Saturday morning we again went the two blocks to rue Daguerre to do some shopping. The popular butcher had lamb on sale, we got a cut we don’t see in the states, bone-in chops cut from the leg. Also got apricots, more of the delicious strawberries and salad greens, and a chevre. And a sweet for dessert.
The Musee des Arts Fourains in Bercy is a place I’ve wanted to get to for a long time. An enormous collection of elements from 19th century carnivals and fairgrounds was arranged in several of the former wine storehouses in Bercy, in the east end of the Right Bank. There are visits twice weekly, and you need to book.
We’d never been to Bercy, it is now several rows of renovated wine storehouses that have been turned into shops and cafes. On the Saturday we were there, the area was lively with French-speaking families.
The Museum has you go with a tour which leads you from room to room. On this day, there were enough people so the group was broken into two, one with a guide who also did a bit of English commentary (tours are in French). Carnivals were immensely popular in France, attracting crowds to the lavish displays novel attractions. Many people first saw electric lights at carnivals.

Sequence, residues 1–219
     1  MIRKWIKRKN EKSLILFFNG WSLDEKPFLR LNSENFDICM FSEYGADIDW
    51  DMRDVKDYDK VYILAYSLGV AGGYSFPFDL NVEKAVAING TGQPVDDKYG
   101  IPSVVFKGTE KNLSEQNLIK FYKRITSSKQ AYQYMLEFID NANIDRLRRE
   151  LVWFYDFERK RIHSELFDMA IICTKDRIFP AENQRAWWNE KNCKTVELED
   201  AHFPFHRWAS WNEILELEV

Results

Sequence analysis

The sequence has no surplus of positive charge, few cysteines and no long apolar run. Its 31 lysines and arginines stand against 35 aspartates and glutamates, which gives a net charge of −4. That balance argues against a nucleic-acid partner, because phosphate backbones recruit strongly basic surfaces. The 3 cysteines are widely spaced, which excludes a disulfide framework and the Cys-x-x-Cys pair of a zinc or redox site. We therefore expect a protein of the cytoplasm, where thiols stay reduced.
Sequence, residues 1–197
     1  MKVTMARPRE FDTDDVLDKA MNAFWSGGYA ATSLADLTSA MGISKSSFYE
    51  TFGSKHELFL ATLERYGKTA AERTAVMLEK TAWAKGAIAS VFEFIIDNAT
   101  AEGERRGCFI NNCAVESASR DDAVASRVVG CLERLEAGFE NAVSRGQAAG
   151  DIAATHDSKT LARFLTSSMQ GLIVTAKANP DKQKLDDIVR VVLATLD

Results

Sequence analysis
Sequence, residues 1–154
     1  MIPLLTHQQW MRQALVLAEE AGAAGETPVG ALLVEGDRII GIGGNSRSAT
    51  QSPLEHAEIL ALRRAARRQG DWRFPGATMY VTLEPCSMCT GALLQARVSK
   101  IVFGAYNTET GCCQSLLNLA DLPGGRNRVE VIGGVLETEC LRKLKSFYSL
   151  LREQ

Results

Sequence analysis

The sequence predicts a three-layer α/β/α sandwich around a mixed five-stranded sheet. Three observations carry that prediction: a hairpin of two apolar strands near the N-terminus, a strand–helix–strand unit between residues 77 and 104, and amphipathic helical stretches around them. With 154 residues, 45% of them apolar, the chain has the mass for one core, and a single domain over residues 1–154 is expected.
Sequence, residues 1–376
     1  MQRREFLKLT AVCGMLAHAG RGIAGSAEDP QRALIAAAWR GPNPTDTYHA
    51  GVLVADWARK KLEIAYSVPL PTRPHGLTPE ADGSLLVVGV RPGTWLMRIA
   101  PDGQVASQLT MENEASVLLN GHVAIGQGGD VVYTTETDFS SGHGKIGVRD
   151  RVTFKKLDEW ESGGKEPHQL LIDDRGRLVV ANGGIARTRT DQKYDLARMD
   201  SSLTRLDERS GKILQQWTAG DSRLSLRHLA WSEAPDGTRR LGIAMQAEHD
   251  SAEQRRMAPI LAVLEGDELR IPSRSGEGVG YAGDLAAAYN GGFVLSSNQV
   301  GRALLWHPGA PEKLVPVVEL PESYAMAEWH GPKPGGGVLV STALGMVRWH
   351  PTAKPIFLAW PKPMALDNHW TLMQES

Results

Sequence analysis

Besides the fantastic carousels, enormous displays for games and attractions, a room full of the Cabinet of Curiosities, there is lots to look at under the theatrical lighting. And in the ballroom, where early 20th century mechanized instruments play and waxwork dolls of 19th century characters took down, you can waltz! (sorry, no video of us dancing!)
There are two old carnival games you can play, one based on the Siena Palio with racing horses players can make run by aiming balls into targets; the other based on the Garcons de Cafe race which used to take place in Paris at the beginning of the 20th century.
The Venetian Rooms contained everything from a gondola carousel we got to ride, to a room where puppet figures appear to sing opera, to a modern multi-media show utilizing many of the old elements to create a Venetian Carnivale. I couldn’t decide if this was more cheezy or dramatic, but it certainly is fun.
One highlight is the bicycle carousel built in 1897. You pedal the bikes to make it move–and man, it goes fast! The guide said that when they had a group of firemen in, they made it go 60 km an hour. I could not believe they let people ride this thing, it was terrifying to watch. (I did a video on solid ground, yes I am a wimp. Larry pedaled)
By the time our visit ended, the cloudy morning had turned into a rainy afternoon. We ate a decent lunch at one of the cafes and then went our soggy way home. Later that afternoon we heard that a birthday party taking place in Park Monceau (to the north) had been struck by lightning, resulting in 9 children being injured. Awful.
I made the lamb for dinner with a wine-shallot sauce (very proud of myself for reading a recipe in French), roasted potatoes and Larry made salad.